Monday, April 12, 2010

Crime Maps & Statistics

On Sunday, the Durham Herald-Sun reported a new source for mapping crime data in the city of Durham. The new map, a component of the larger law enforcement search tool RAIDS Online, complements the Durham Police Department’s existing Crime Mapper, but offers enhanced search capability and data about a wider range of crimes, such as vandalism and drug-related offenses. RAIDS also offers additional detail about each mapped incident, although for privacy’s sake, exact addresses are not revealed.

Currently, RAIDS provides police data from Durham and Raleigh, in addition to several other U.S. cities (e.g. Cincinnati and Topeka). For other Triangle-area crime mapping, check out the News & Observer database, which also includes data from various Wake County police precincts.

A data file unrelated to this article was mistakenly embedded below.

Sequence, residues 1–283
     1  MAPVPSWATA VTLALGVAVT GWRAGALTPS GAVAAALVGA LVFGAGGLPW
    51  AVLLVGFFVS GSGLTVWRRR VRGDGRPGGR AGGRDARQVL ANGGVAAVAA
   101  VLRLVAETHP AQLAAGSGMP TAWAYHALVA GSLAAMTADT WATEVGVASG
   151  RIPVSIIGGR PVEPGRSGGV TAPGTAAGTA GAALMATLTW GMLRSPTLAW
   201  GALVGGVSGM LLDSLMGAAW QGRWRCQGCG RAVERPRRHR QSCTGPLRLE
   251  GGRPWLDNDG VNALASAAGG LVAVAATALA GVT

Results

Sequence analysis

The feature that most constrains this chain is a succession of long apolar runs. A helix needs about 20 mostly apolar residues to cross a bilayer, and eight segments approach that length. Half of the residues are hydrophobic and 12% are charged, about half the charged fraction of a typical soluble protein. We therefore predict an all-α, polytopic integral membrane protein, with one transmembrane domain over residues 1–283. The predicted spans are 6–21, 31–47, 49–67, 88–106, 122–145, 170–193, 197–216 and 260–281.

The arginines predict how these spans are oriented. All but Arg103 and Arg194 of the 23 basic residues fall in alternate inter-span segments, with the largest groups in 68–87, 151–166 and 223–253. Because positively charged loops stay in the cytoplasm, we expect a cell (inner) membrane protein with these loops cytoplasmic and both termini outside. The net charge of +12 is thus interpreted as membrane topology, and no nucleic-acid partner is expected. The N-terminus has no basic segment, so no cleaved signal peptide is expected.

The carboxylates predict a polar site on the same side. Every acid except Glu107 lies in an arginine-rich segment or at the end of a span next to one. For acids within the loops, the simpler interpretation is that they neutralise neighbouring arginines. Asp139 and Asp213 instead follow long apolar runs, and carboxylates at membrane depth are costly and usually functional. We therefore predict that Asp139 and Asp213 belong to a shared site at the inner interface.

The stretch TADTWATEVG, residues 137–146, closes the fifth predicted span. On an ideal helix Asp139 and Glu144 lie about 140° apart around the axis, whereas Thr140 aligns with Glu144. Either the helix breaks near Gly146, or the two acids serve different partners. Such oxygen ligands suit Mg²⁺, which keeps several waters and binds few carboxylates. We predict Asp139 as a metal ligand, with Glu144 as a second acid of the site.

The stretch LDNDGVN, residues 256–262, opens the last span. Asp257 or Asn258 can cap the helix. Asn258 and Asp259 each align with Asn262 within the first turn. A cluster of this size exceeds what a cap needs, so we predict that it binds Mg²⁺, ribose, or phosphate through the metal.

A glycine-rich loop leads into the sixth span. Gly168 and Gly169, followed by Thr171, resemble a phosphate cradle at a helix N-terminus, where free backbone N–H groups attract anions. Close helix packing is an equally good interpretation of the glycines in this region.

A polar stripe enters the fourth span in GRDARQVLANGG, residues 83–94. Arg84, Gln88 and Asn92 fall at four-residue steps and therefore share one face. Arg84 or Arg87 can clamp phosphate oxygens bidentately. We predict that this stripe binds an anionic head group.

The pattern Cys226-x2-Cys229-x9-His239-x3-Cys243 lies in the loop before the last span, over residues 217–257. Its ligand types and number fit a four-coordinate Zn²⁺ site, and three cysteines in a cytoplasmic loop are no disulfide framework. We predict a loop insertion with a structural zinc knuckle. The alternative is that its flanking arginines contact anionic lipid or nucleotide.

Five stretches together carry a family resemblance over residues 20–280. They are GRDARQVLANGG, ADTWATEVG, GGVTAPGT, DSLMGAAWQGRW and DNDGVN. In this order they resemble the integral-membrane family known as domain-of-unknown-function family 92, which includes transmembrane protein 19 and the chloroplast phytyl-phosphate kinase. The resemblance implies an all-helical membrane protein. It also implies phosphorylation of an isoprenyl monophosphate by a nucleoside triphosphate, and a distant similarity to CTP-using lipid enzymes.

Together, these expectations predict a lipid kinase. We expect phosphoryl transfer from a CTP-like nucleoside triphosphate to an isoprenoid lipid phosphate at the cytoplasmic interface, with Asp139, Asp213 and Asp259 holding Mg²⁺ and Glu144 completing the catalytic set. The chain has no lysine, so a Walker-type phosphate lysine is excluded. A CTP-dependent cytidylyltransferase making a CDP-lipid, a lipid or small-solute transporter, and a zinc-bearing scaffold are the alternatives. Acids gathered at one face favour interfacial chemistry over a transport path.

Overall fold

These types of crime maps can be invaluable to area house-hunters who are unfamiliar with particular neighborhoods (as well as fun for the morbidly curious). But what if your local police department doesn’t provide such detailed maps to the public? Check out CriminalSearches Neighborhood Watch, a commercial site which compiles sex offender registries and other crime data across the United States.

Sometimes researchers need more generalized crime statistics (such as tracking the number of reports for a specific crime over a period of time). Our Empirical Research Support page for Justice and Crime Data Sources links to several of the major resources for crime-related statistics, such as the Sourcebook of Criminal Justice Statistics, the FBI’s Uniform Crime Reports, and the National Criminal Justice Reference Service.

For help using these and other statistical sources, Ask a Librarian.